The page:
The normal distribution and anthropometrics

5 minute read

Organisms within a population are variable; they are not all the same. When you measure a lot of organisms, you begin to notice that you can predict some things about their variation.

For example, stature is a very simple measurement so it may be surprising how much it can tell anthropologists a lot about individuals and populations. Stature changes as an individual grows and matures, and as she ages. The rate at which stature changes during growth reflects health and nutrition. The average stature in different populations reflects their environment and their evolutionary history. Stature can even tell us about ancient climates and migrations of peoples in the past.

To get at such interesting information, anthropologists have to understand how stature varies within a single population of people. This involves understanding some statistics.

For many traits that we measure including stature, a simple rule is at play: Most individuals will be near the average, and few individuals will be very far from the average. Here’s a plot called a histogram, showing the stature of female students from my course last year:

Female student stature histogram

A histogram of female students' stature in my Anthropology 105 course. The curving line represents the normal distribution with the same mean and standard deviation as the women in the class. </a> </div> In this plot, the x axis is stature (body height) in 5 cm increments. The height of each bar represents the number of women who have statures within that 5 cm bin. For example, 28 women had statures between 160 and 165 cm, but only 4 women had statures between 145 and 150 cm. No one was shorter than 145 cm, and no one was taller than 185 cm. The histogram shows how many individuals fall in each bin, a quick way to see the distribution of the observations. The mean stature of women in the class was 163.4 cm. The standard deviation of their statures was 6.7 cm. The standard deviation is how different women were on average from the class mean. How often are women far from the average stature? We can make another histogram to show this for the class:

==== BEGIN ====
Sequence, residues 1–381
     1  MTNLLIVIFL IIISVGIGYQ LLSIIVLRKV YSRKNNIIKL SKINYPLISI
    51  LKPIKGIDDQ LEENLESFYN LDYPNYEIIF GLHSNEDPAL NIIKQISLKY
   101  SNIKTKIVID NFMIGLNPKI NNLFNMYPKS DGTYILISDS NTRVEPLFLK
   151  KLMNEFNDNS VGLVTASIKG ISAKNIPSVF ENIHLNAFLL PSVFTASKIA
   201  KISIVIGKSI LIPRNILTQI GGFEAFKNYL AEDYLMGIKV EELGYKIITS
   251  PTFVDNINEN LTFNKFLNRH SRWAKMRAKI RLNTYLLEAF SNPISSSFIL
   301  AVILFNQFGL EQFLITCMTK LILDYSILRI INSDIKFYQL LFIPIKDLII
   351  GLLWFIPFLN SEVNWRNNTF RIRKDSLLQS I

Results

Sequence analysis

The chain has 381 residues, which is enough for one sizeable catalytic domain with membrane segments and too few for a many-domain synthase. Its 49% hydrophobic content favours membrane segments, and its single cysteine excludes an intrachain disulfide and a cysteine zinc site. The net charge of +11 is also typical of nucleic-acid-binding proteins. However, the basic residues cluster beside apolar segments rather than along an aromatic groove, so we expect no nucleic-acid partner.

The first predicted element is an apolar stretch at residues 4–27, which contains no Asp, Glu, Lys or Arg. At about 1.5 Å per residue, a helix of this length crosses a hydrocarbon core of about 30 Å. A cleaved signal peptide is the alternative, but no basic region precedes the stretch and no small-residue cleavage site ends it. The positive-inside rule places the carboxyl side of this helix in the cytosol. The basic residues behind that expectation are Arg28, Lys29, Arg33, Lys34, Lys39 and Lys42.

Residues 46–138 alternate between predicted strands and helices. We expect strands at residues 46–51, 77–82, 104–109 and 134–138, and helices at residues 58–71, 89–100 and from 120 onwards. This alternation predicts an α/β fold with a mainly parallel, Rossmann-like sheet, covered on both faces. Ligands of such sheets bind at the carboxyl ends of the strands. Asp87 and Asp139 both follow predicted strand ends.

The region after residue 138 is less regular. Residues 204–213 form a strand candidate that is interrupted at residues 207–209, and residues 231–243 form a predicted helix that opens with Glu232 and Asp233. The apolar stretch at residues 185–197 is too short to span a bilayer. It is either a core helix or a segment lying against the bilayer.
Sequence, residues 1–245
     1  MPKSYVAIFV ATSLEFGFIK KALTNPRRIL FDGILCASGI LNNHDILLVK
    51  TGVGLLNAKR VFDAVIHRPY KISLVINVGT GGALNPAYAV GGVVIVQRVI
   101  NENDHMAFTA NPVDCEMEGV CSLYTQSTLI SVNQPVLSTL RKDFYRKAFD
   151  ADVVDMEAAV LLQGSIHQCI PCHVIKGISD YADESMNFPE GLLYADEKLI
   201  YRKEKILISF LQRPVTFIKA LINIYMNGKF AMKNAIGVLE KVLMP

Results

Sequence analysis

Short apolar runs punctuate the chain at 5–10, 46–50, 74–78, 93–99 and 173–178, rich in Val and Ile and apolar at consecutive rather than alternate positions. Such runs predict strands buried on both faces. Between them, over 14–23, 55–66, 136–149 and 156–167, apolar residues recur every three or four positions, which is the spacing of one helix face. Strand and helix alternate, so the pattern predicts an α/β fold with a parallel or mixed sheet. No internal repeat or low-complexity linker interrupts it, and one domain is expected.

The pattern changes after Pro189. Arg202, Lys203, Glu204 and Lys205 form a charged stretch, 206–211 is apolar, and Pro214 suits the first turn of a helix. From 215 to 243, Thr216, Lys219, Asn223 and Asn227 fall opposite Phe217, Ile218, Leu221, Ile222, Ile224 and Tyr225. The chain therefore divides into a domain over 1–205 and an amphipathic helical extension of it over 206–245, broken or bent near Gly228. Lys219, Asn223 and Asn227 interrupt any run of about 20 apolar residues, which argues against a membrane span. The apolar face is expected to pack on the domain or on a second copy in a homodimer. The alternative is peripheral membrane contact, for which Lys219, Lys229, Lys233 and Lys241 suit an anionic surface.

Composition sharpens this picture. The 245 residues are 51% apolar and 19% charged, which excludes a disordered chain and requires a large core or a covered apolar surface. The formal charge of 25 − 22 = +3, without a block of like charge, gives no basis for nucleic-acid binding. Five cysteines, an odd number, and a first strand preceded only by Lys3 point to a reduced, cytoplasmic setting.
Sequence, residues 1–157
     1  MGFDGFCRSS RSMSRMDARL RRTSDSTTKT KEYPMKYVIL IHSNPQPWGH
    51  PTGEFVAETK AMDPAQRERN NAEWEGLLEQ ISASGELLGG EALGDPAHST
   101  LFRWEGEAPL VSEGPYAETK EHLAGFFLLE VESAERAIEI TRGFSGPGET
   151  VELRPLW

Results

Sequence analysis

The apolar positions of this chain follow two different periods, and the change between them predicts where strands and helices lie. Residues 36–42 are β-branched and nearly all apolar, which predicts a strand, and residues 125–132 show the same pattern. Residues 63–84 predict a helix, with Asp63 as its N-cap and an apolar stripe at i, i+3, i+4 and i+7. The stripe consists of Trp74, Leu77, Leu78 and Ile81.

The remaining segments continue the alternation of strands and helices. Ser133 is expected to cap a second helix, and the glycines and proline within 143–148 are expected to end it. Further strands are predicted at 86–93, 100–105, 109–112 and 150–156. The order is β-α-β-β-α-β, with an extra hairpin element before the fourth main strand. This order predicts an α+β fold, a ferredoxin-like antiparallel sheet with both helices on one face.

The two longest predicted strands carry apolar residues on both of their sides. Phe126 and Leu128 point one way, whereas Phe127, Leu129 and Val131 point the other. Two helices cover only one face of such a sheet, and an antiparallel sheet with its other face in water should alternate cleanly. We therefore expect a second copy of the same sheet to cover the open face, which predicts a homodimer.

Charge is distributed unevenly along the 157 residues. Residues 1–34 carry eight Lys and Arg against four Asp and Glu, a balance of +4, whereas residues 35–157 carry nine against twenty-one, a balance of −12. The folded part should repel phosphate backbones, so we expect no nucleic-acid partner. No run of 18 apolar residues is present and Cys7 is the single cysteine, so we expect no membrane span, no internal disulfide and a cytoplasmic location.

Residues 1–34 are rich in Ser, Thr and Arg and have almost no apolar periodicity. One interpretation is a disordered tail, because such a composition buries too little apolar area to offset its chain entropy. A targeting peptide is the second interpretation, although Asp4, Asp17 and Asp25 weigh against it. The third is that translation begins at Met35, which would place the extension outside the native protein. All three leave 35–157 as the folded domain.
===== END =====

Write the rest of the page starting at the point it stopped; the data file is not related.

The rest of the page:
Most of the women had statures between 157 and 170 cm — in other words, within one standard deviation of the mean. As we look farther and farther from the mean, we see fewer and fewer women with statures that extreme. Patterns like this one are very common in natural populations. It is in fact so common that we call it the normal distribution. Most individuals have traits near the average, and we see fewer and fewer individuals as we look far from the average. In that sense, there's something about the individuals in a human population that seems like it's not random: If you draw any individual by random chance and measure him or her, you're more likely to find a person near the average height than far from the average. You can't predict the stature, but if you guess the stature will near the average, you'll be right a good fraction of the time. It's not like flipping a coin or rolling a die. Why does this pattern emerge? Suppose we have a fair die, and roll it once. We should have an equal chance of rolling a one, two, three, four, five or six. If we roll the die many times, we should start seeing around the same proportion of ones as we see sixes, fives, and threes. This is one way to look at random chance: Each outcome has an equal probability of happening, and we can't predict which will happen in any given trial. Now suppose we take two rolls of the die and add them both together. Our trials are still random. We might roll a one and then a three, or a five and then a two, or two sixes. But when we look at the sum of the two numbers, we see a pattern begin to emerge. You will see a lot of sevens, fewer threes and nines, and very few twos or twelves. In other words, you can begin to predict that the outcome will be near the average. Why is this? There's only one way to get a sum equal to two: You have to roll two ones, "snake-eyes". But there are lots of ways to get a seven. You can get a one and a six, or a six and a one. You can get a three and a four, or a five and a two. In fact, there are twelve different ways to get a seven, and if you roll many pairs of dice, you'll get on average twelve times as many sevens as twos. In dice, if we combine two different random events, we will be more likely to see an outcome near the average than at an extreme. If we roll ten dice, or fifty, we become more and more likely to see an outcome near the average. A similar principle applies in biology. A person's body grows by a series of genetic and environmental events. Within a population, some of the factors that affect growth are random. People vary in the combination of genes they carry because of the random chance of inheriting them from their parents. And people vary in the environments they experience because of the random chance of who they are and where they live. A person's stature, in other words, is affected by many, many influences. Some genes may tend to make stature a little taller, others make it a little shorter. Some foods tend to make stature a little taller, others a little shorter. The combination of all these things determines how tall a person will be, and when we consider a population of people all together, they will tend to be clumped near the average. This is why many traits follow the normal distribution. But there are exceptions. A person's ABO blood type, for example, is a trait that has essentially no influence from the environment and is entirely determined by a combination of alleles for one particular gene. For blood type, there is no normal distribution in humans. We are A, B, AB, or O, period. Also, some biological factors may be very large in their effects. When we look at human stature, the largest single influence on stature is sex. Males average taller than females. Like most things, this is not an absolute — some tall women stand above the average man. But the difference between the sexes is enough to really change the distribution of stature in the population. When we look at females alone, we see a normal distribution, but when we mix individuals of both sexes, the pattern is much flatter. People are less clustered near the average, because half of them average taller and half average shorter.